The Ohio State University and Kappa Kappa Gamma have something special in common—both were founded in 1870! (And KKG Headquarters is just a few miles from the OSU campus.)
It seems only fitting that 18 years later, our Beta Nu Chapter was the first women’s fraternity chapter established at Ohio State. A Columbus newspaper dated October 12, 1888, reported: “The organization was perfected at the residence of Miss Bell Slade on Hamilton Avenue … ‘Nu’ is the name of the chapter and the pin is a small enameled gold key inlaid with stones. The ladies believe they have good prospects for a flourishing chapter.”
The “Nu” was changed to Beta Nu by a vote of the 1890 General Convention to distinguish the chapter from the Nu of Franklin College, Indiana, which had lived briefly from 1879 to 1894.
Housing and World War I
In 1916, a small apartment was rented and furniture was donated by Columbus-area alumnae. During World War I, male students who had not joined the service were required, as members of the ROTC (Reserve Officers Training Corps), to live in temporary barracks erected on campus. Rather than close the Phi Gamma Delta house, the president offered it to the Kappas.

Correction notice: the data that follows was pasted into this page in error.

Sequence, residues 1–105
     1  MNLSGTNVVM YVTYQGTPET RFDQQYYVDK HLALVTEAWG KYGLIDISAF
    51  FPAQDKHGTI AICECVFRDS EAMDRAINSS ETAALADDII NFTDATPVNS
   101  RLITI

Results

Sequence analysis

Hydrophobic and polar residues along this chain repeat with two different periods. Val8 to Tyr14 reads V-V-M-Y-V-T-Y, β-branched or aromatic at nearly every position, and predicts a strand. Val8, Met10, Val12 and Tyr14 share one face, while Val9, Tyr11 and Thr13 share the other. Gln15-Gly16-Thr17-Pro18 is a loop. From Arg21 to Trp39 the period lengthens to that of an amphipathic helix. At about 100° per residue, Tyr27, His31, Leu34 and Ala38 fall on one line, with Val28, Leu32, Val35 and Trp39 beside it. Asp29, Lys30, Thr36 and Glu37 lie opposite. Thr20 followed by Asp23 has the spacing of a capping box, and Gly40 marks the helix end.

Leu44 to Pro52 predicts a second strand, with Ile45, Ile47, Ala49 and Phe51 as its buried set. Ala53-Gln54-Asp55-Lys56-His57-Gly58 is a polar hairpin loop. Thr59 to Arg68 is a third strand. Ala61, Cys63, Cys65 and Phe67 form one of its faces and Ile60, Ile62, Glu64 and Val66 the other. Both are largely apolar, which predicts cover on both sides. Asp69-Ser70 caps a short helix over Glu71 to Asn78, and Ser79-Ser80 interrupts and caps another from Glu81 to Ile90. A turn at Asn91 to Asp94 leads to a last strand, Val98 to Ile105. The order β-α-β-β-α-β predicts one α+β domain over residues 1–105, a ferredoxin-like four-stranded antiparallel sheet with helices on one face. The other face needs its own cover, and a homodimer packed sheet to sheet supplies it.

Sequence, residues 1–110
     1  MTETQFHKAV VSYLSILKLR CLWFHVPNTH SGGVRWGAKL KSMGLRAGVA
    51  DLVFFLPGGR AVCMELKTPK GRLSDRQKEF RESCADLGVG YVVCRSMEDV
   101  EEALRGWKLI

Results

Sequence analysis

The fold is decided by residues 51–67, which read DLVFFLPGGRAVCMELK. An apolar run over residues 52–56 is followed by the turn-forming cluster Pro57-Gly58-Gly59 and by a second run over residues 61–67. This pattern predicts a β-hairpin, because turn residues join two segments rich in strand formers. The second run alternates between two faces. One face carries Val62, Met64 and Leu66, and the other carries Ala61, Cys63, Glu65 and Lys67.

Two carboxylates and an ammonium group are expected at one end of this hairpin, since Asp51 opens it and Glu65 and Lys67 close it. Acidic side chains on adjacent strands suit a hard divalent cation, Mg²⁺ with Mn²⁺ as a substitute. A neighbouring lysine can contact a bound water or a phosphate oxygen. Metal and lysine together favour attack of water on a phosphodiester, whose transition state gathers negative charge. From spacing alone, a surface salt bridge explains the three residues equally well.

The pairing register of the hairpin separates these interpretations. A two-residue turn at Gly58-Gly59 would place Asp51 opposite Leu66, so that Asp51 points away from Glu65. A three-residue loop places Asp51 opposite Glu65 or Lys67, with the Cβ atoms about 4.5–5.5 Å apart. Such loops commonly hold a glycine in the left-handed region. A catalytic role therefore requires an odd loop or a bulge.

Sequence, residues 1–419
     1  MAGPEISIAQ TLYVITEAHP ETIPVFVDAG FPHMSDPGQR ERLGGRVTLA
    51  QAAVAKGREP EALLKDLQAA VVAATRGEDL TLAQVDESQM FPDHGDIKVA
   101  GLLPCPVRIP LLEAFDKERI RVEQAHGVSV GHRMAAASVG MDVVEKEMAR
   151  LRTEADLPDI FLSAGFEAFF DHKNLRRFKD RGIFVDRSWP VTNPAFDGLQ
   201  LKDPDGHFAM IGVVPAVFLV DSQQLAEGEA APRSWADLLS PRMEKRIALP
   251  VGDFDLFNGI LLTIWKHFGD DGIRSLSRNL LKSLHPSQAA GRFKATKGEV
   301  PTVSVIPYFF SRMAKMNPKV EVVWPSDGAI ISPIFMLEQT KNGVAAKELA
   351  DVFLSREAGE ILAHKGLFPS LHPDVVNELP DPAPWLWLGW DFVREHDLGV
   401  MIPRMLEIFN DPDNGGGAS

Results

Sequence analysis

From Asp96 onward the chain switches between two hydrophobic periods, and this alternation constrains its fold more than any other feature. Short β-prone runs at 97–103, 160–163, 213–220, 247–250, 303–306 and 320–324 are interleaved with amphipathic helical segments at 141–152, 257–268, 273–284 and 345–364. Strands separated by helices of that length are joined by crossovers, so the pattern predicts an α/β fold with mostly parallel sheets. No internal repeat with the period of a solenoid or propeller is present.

Many girls left school to fill positions left open by men who had enlisted, and others were on call for nurses’ training. Beta Nu and the Columbus Alumnae Association collected clothing for chapter member Dorothy Canfield Fisher’s Dispensaire in France in addition to rolling bandages and knitting socks. The chapter pledged $500 to the YWCA, raising money by making and selling sandwiches to the fraternities after Monday night meetings, and other fundraising projects.
After the war, the Kappas and Delta Gammas leased and shared an apartment at 16th Avenue and High Street. In 1920, a six-room apartment was rented at 24 15th Avenue. The Beta Nu Building Associations was formed in 1921, and in September of 1922 a house was purchased for $12,360 at 90 13th Avenue, the first to be owned by a women’s fraternity at Ohio State. It was occupied by eight members and a housemother.